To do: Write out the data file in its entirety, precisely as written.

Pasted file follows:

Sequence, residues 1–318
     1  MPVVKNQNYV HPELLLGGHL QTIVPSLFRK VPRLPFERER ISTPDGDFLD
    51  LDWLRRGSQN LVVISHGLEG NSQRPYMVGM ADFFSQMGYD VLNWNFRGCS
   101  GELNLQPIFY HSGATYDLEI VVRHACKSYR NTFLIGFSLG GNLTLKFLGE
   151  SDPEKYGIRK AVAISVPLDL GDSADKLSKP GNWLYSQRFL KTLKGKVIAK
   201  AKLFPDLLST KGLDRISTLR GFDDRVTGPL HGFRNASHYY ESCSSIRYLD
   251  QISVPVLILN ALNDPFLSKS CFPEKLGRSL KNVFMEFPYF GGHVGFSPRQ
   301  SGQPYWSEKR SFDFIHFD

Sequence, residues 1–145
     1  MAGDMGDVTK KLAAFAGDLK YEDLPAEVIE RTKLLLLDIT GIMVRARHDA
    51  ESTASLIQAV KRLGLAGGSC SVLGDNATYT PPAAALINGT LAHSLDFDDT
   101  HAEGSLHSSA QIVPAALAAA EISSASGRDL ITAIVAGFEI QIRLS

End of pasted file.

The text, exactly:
Sequence, residues 1–318
     1  MPVVKNQNYV HPELLLGGHL QTIVPSLFRK VPRLPFERER ISTPDGDFLD
    51  LDWLRRGSQN LVVISHGLEG NSQRPYMVGM ADFFSQMGYD VLNWNFRGCS
   101  GELNLQPIFY HSGATYDLEI VVRHACKSYR NTFLIGFSLG GNLTLKFLGE
   151  SDPEKYGIRK AVAISVPLDL GDSADKLSKP GNWLYSQRFL KTLKGKVIAK
   201  AKLFPDLLST KGLDRISTLR GFDDRVTGPL HGFRNASHYY ESCSSIRYLD
   251  QISVPVLILN ALNDPFLSKS CFPEKLGRSL KNVFMEFPYF GGHVGFSPRQ
   301  SGQPYWSEKR SFDFIHFD

Sequence, residues 1–145
     1  MAGDMGDVTK KLAAFAGDLK YEDLPAEVIE RTKLLLLDIT GIMVRARHDA
    51  ESTASLIQAV KRLGLAGGSC SVLGDNATYT PPAAALINGT LAHSLDFDDT
   101  HAEGSLHSSA QIVPAALAAA EISSASGRDL ITAIVAGFEI QIRLS